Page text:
A funnel plot provides evidence on the presence of small study effects based on subjective visual inspection. If the individual plots are located symmetrically in the funnel plot, it indicates the absence of publication bias . In this review, the funnel plot observation suggests the absence of publication bias (Figure 8 in the Appendix). To objectively measure the presence of publication bias, a Harbord test was also conducted. The results from the Harbord test suggested that there is no evidence for publication bias (P value, 0.340) (Figure 9 in the Appendix).
Certainty of evidence
The GRADE approach was used to assess the quality of evidence for systematic review and meta-analysis based on defined parameters as high, moderate, low, or very low . In this review, the risk of bias was serious and there was moderate heterogeneity among studies making the quality of the body of evidence low level (Figure 10 in the Appendix).
Multiple established and emerging strategies have been implemented to foster vaccination coverage globally. Despite the vast investment of resources in improving vaccination coverage in LMICs, few studies are available to inform policy and decision-making on childhood vaccination. In this review, ten articles were included to estimate the best available evidence on the effects of text message reminders in increasing vaccination coverage among children less than 5 years of age.
The pooled estimate revealed that there is a potential for text message reminders to improve childhood vaccination rates. However, the included studies showed moderate heterogeneity, which could result from clinical differences across studies. The precise effectiveness of these interventions is likely to be influenced by numerous factors such as country setting and nature of the interventions used. We did not find any important changes in the level of heterogeneity when we investigated the effect by country setting and number of text messages sent. However, the level of heterogeneity became lower in studies with text messages sent on the due date of vaccination with statistically significant positive effect.
Sending the last text message reminder nearer to the vaccination appointment date was also found to be more important since tackling forgetfulness needs more recent information with immediate actions.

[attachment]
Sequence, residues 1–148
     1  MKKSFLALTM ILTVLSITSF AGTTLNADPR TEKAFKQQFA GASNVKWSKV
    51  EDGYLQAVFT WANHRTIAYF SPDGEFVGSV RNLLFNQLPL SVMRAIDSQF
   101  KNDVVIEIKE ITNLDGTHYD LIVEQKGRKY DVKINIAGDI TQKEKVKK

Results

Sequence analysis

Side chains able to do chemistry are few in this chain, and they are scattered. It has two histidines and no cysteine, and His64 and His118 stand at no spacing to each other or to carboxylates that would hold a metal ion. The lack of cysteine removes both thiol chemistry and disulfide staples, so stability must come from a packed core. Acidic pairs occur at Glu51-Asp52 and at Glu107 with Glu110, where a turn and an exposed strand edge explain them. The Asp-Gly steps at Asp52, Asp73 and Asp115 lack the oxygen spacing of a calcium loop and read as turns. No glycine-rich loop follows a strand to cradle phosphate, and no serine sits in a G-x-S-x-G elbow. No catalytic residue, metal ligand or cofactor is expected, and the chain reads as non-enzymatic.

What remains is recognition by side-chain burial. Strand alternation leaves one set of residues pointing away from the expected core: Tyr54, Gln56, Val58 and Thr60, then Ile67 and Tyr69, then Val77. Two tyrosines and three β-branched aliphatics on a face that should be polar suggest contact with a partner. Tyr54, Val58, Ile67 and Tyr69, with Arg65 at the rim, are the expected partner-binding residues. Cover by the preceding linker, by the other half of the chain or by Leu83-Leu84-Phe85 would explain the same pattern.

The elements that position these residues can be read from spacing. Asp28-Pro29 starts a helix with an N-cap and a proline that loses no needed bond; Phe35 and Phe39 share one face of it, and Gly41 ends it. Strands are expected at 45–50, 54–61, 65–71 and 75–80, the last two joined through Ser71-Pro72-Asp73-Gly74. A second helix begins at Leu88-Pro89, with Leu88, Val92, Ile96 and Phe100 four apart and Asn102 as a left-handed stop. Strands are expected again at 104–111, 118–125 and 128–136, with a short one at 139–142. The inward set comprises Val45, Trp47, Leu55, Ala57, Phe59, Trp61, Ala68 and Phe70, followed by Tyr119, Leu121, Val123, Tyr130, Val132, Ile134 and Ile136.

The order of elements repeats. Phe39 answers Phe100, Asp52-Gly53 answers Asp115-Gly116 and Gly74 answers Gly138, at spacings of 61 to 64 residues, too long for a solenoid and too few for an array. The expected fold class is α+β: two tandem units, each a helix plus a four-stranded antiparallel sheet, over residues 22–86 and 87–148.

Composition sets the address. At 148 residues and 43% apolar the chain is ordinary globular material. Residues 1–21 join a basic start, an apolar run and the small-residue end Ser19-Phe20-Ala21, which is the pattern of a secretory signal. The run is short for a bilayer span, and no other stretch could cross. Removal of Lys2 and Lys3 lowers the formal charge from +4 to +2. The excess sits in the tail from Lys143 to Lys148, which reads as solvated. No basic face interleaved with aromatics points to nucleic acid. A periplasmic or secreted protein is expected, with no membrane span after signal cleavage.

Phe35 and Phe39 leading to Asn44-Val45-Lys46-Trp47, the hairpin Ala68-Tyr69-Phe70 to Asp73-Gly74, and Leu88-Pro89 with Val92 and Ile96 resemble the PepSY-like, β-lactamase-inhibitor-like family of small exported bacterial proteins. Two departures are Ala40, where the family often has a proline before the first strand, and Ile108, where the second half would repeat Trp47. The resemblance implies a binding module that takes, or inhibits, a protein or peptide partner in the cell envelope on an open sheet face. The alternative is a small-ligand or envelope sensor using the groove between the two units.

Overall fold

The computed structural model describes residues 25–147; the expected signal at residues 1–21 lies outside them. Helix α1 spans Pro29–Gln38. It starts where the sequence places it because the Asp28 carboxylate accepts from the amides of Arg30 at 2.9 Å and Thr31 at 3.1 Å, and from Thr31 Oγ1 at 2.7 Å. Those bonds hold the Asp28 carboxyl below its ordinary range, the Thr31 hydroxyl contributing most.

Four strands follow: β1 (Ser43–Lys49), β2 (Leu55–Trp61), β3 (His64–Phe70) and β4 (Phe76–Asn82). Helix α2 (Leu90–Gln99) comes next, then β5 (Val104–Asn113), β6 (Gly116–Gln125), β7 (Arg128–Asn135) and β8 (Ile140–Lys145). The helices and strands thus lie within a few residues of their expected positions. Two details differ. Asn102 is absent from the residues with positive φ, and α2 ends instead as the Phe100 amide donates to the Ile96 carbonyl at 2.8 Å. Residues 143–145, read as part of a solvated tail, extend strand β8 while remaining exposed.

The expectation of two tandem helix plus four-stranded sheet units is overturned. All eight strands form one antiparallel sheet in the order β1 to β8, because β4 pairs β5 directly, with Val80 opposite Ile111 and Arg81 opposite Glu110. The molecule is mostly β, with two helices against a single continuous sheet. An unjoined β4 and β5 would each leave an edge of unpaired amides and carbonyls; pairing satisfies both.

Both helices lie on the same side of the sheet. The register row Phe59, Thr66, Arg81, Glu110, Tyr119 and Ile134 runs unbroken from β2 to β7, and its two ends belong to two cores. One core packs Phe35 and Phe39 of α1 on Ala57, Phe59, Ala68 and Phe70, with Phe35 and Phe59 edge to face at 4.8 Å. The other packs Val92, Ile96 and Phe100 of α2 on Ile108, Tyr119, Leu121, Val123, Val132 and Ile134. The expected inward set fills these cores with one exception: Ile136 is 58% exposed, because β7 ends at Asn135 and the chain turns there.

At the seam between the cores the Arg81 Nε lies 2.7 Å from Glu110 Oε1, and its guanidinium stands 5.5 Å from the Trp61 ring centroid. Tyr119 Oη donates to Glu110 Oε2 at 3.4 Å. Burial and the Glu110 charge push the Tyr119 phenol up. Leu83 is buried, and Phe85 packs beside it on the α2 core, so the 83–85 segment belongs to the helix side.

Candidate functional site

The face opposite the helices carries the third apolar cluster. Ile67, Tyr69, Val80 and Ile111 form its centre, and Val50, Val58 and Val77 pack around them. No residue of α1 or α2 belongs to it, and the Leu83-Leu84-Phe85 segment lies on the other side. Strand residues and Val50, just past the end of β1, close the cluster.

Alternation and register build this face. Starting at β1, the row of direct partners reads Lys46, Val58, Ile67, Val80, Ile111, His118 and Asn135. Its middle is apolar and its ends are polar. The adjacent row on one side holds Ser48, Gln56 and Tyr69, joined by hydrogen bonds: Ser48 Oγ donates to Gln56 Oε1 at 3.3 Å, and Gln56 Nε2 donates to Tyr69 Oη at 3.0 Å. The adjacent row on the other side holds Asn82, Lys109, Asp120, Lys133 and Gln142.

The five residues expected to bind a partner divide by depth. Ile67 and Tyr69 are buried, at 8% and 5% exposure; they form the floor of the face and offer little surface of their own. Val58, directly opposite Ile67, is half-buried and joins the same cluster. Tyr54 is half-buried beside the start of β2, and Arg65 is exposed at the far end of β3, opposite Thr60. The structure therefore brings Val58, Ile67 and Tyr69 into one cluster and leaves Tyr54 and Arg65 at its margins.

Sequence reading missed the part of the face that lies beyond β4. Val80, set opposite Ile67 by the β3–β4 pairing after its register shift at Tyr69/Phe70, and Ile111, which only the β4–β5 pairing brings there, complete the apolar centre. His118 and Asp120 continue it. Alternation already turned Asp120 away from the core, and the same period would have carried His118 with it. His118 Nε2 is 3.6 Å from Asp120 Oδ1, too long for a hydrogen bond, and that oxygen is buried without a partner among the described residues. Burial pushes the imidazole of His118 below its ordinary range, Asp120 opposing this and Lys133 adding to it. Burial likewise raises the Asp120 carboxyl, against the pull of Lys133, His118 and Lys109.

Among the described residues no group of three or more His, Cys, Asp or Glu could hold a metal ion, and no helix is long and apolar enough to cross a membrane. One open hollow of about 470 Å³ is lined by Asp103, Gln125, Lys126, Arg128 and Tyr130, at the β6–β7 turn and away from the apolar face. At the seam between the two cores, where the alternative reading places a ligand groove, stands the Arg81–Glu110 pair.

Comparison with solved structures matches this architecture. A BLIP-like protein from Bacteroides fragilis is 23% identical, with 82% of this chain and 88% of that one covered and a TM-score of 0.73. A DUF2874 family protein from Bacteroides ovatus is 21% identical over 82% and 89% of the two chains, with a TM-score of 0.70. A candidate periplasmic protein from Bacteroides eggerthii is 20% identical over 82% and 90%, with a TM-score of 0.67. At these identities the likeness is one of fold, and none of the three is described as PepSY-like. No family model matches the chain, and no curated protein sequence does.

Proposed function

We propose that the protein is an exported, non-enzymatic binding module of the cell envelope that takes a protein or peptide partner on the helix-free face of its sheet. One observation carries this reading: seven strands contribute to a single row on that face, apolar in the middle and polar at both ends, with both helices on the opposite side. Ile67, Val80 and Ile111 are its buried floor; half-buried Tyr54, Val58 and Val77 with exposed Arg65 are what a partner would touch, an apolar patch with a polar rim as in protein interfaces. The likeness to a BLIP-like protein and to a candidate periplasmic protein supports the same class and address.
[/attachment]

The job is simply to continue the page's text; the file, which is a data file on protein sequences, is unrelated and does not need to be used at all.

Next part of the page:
We found relatively lower effectiveness of text reminders in high-income countries, despite the much greater level of economic advancement and immunization infrastructure in these areas than low- and middle-income countries. Differences in study settings could explain some of the observed differences. For example, studies done in the USA were more likely to include participants who presented to healthcare facilities and thus had enough resources for healthcare access (facility-based studies).
We used the GRADE approach to assess the level of confidence to be placed on the evidence for the effects of text message reminders on vaccination coverage . Randomized trials without important limitations provide high-quality evidence. However, in three of the included studies, the risk of attrition bias was high and in two studies the risk of blinding of personnel and participant was also high (Figure 10 in the Appendix). This led us to downgrade the quality of the evidence from high to moderate . In addition, the presence of moderate heterogeneity further downgrades the quality of the evidence to a low level. Low quality of evidence implies the likely effect of text message reminders on childhood vaccination coverage with low confidence on the estimates to be implemented globally.
The findings from our review are in line with the findings of other reviews done on vaccination uptakes among adolescent and pregnant women where text messages are found to be effective reminders [13, 32, 33]. Stockwell et al. also presented a literature review of a broad range of health information technologies to improve vaccine communication and coverage and suggested that SMS is effective in improving vaccination uptake with the potential to penetrate large populations and relatively low cost . Text messaging was also shown to be effective in non-vaccination-related health conditions . The WHO has also reported that mHealth technologies are promising to strengthen health systems .
Strengths and limitations
The main strength of the current review lies in our adherence to international standardized guidelines on the conduct and reporting of systematic reviews. We included studies only from peer-reviewed English-language journals, which may have restricted our findings.